From Fenstanton we took the Low Road to Hemingford Grey and Hemingford Abbotts. We had lunch at The Axe and Compasses, where we were joined by Vic, Adrian and George Stevenson (from Easton-on-the-Hill, Lincs.)
Anna, Bridget and Clive at the Pub Car/Cycle Park. Clive had had a hip replacement 9 weeks ago.
After lunch the main party returned to Cambridge via Fenstanton, Longstanton and Oakington whilst I retraced my route home.
Sunday, 19 June 2011
Eva led us south-east our of Cambridge along Hills Road, over the railway and onto Cherry Hinton Road.
Cherry Hinton Road became Fulbourn Road and we were soon out in the countryside, passing through Fulbourn itself and on to Great Wilbraham.
We continued through Great Wilbraham and Little Wilbraham where we turned right onto the road to Six Mile Bottom. From here we started to climb up the gentle but long hill to Brinkley.
At Brinkley we paused briefly opposite the Red Lion, waiting for the stragglers to arrive, before turning left onto the B1061.
We continued north for two miles until we reached Dullingham. Here we said goodbye to the rolling countryside near Newmarket and turned west, through the village, across the level crossing, and dropped down to Swaffham Bulbeck on the edge of the fen country.
From Swaffham Bulbeck we took the "old" NCR 11 route to Wicken, through Swaffham Prior to Reach and Burwell before entering the fens "proper".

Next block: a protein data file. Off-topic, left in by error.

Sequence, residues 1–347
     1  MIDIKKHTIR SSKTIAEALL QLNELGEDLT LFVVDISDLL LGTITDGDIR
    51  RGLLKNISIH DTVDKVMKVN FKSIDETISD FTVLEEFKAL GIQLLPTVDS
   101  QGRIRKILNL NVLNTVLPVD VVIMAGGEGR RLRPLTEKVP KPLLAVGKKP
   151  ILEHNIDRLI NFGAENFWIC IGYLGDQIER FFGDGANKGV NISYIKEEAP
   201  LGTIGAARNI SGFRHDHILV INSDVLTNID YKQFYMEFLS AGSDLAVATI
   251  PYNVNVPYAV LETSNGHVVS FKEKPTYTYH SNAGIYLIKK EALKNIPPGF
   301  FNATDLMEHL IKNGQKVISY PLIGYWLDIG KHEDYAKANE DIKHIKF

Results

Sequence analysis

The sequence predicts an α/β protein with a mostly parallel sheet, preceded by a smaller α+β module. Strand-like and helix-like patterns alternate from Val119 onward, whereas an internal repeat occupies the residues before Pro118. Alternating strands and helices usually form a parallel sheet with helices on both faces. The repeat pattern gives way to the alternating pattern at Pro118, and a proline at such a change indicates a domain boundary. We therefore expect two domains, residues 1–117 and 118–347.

Just before we reached Wicken Fen, Eva stopped for a puncture. It was now just after 4.30pm so she told us not to wait and so we pressed on through Wicken Fen to Wicken village. Tea this afternoon was at Wicken Methodist Church, where a splendid array of sandwiches and cakes was on sale.
After a delightful and friendly tea stop we returned back to Cambridge. This time we followed the "new" NCR 11, which offers a mostly completely traffic-free route as far as Lode. We started off going back the way we had come, alongside the edge of Wicken Fen.
When we reached Priory Farm instead of turning south to Burwell we continued west - but first we had to carry our bikes across the footbridge over Burwell Lode. This bridge is due to be replaced with a proper cycle bridge in a few years.
From here to Lode a series of purpose-built cycleways and empty fen roads took us to Lode.
Along the way the sun came out at last, and I stopped to take a photo of the group to prove it.
At Lode we crossed the B1102 and continued to Bottisham, where we picked up the cycleway to Quy, under the A14 (see photo) and into Cambridge along the river.
I was back home by 7.10pm, after having cycled 47 miles.